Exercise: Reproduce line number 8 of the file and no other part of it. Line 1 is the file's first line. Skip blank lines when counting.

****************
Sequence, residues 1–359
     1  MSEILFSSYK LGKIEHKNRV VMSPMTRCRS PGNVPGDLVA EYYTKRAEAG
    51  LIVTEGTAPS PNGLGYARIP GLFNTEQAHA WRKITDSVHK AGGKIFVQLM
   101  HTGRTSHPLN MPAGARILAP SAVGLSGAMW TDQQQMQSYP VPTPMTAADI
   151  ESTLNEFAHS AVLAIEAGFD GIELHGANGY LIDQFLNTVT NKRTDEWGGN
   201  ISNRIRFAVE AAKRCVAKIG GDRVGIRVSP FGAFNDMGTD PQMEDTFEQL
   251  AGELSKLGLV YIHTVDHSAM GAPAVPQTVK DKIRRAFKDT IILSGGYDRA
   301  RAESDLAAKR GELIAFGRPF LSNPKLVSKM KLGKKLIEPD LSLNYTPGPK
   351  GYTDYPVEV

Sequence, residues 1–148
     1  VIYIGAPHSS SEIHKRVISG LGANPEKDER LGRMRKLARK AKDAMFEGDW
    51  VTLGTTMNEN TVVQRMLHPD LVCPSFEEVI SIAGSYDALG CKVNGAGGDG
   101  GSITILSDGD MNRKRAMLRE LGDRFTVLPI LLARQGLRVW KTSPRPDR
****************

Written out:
   301  RAESDLAAKR GELIAFGRPF LSNPKLVSKM KLGKKLIEPD LSLNYTPGPK